Since there has been more awareness of the seriousness of global warming, UK legislation, building regulations, planning consent and corporate environmental policies have driven the industry to deliver low carbon plant room solutions. In addition, UK commitment to the Kyoto Protocol, an international agreement linked to the United Nations Framework Convention on Climate Change, drives the industry to reducing green house gases. Low and zero carbon (LZC) system is one of the solutions and thus has been increasingly installed in buildings, e.g. small-scale and micro-CHP units. Carbon emissions reduction will contribute to slowing-down of global warming. These systems are also attractable to householder and contractors for public sector building or charitable body who want to meet the grant requirements in the low carbon building programme. These systems are practicable for different uses dependent on thermal load demand, geological conditions, installation and maintenance cost. The advantages and disadvantages of various low- or zero-carbon (LZC) technologies for generation of heat is justified in table ??

Comparison of low and zero-carbon (LZC) technologies in terms of carbon savings, cost effectiveness and local impact. (From Throne)


Primary output

Carbon savings

Cost effectiveness

local impact

Combined heat and power, fuelled by:


Heat and electricity








Solar thermal systems

Heat and electricity




District heating





Biomass boiler





Ground energy systems

Open loop


Depends on building type

Depends on building type


Closed loop





Justification of various low or zero carbon technologies.





Combined heat and power, fuelled by:


heat is captureed in electrical generation and supply to local buildings

-make use of the heat waste which increase efficiency of the power generation system

-low conversion efficiencies compared to heat only systems
-great initial investment is required
-maintenance cost s high

Solar thermal systems

make use of the sun's energy to heat the water

- the systems can fit into existing buildings. It does not affect land use.
-free of greenhouse gases

- large area of collectors is required.
- dependent on geography
- limited to daytime hours and non-cloudy days.

District heating

burn biomass to feed energy from a centralised location to a number of units

-an established and tested technology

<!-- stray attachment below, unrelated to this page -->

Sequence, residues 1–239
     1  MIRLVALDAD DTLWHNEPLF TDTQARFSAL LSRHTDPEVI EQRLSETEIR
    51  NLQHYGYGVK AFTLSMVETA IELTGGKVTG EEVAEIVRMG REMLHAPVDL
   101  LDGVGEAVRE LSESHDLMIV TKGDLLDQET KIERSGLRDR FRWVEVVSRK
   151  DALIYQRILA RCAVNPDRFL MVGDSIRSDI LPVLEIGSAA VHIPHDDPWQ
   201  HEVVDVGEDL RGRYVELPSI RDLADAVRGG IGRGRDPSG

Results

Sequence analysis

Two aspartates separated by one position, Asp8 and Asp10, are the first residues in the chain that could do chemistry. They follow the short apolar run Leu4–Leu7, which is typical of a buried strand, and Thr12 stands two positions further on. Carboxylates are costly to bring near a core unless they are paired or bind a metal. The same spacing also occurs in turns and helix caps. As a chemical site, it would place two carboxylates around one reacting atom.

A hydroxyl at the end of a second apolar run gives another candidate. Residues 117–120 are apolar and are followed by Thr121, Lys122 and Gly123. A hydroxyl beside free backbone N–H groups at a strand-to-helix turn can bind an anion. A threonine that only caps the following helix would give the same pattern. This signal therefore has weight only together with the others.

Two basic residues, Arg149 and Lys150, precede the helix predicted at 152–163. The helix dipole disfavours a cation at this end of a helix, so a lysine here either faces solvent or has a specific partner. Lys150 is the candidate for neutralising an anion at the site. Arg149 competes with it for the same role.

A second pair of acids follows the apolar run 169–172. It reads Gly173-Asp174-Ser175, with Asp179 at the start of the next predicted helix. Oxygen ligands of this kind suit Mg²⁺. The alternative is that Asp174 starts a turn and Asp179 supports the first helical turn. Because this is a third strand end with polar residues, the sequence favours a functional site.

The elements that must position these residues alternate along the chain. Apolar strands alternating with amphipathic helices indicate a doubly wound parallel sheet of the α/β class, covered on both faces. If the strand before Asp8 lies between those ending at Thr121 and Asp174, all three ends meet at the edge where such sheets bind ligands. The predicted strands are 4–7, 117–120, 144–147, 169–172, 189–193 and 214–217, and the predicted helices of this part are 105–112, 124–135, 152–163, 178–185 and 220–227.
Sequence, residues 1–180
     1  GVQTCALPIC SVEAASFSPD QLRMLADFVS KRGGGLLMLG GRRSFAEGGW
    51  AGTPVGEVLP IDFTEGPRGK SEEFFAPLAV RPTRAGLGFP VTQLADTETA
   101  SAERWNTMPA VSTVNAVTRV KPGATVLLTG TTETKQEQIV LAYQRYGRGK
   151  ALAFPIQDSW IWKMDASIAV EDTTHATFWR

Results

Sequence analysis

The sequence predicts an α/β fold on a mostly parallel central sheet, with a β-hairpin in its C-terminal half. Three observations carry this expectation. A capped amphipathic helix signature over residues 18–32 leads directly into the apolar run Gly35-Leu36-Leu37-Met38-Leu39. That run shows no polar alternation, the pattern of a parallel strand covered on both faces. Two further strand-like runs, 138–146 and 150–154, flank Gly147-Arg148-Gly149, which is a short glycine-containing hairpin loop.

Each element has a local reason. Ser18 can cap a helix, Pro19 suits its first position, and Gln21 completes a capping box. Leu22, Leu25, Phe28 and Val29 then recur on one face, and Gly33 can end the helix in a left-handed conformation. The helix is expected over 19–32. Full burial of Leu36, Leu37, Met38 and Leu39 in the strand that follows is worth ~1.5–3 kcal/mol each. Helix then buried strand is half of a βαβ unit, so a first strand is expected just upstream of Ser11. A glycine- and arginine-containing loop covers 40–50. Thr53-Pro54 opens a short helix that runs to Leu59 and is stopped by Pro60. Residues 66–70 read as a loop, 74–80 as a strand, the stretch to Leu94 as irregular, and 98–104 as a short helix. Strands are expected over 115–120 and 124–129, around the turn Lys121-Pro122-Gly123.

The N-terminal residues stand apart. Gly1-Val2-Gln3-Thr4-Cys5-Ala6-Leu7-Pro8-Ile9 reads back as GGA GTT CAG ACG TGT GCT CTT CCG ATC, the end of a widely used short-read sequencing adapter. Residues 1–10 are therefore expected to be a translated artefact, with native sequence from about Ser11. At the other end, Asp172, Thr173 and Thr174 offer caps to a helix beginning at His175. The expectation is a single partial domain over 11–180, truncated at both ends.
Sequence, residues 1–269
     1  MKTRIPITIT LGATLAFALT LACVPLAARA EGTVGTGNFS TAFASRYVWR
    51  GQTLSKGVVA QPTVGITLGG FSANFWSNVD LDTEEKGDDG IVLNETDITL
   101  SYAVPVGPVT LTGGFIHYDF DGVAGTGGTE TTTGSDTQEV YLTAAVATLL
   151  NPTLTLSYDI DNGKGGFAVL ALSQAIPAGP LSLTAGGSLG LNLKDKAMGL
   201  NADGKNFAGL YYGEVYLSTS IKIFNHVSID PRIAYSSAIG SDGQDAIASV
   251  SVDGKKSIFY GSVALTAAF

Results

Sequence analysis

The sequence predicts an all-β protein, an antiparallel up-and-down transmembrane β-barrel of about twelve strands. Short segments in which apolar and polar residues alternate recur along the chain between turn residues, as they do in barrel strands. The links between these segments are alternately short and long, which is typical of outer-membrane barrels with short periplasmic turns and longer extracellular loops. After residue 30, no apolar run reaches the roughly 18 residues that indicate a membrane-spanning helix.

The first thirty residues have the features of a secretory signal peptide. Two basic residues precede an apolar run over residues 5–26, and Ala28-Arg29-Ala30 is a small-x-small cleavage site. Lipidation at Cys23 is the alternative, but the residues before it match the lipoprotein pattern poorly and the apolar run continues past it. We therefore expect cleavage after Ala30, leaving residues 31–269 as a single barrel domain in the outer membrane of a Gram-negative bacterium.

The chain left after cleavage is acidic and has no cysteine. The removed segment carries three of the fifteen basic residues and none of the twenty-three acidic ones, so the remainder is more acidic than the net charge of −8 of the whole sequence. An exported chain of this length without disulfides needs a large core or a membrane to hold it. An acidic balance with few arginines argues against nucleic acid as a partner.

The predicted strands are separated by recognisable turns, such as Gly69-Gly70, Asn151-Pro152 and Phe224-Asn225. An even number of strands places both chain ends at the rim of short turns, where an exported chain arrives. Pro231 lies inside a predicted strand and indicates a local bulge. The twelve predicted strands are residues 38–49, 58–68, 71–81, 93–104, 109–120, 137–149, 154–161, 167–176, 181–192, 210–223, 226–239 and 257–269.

-more efficient than individual domestic boilers
-do not require individual fuel storage
-maximises dwelling space

-require long term planning
-around 10% of heat is dissipated in distribution
-agreement between mutilple private users can be complex
-Boilers are large and expensive
-the systems is still being developed, reliability has not been proven

Biomass boiler

usually burn wood chip fuel in a small boiler to generate heat for domestic scale.

-an established and tested technology
-installation is relatively easy
maximises dwelling space

-Boilers are expensive
-require more space than gas boilers
-flue require regular cleaning
-wood burning can lead to pollution issue
-feed supplay blockages to the boiler can be common

Ground energy systems:
Open loop
Closed loop

make use of the constant temperature underground to provide heating and cooling to buildings

-long life-time
-visually unobstrusive
-high COP(coefficient of performance)
-no toxic gas emmision
-energy from the ground is constant and free
-low-maintenance system
-the system is multi-functional
-reliable and cost-effective

-good building insulation is required.
-installation is costly
-dependent on geography
-boreholes can destablize the ground surface
-repairing can be complex
-refrigerants used can leak into the atmosphere and pollute the environment

2.3: Ground Source Heat Energy

The energy shortages and step change in fuel costs gave a new dimension to ground source heat energy as an alternative source for residential and commercial space heating and cooling. Ground-source heat energy, from solar radiation, external air, ground and ground water, is now mainly used in heat pumps for homes initially and presently in commercial buildings, industrial sites as well as to generate electricity (DECC 2009a).

As a form of solar-geothermal energy, it makes use of the stable low-grade heat of 10-20°C found near the earth's surface for cooling and heating buildings. The present estimate is that there are about 5000 units of them installed in the UK every year and for industrial sites, 1550 units could be installed with an average capacity of 800kilowatts of thermal power. (DECC 2009a)

Ground energy systems are worldwide and there is a wealth of successful applications from domestic to major public sector buildings. Under successful design and operation, the systems can have far more benefits than other LZC systems. There is a significant potential to apply ground energy systems to improve environmental performance of buildings.

2.3.1: Open and Closed Loop Systems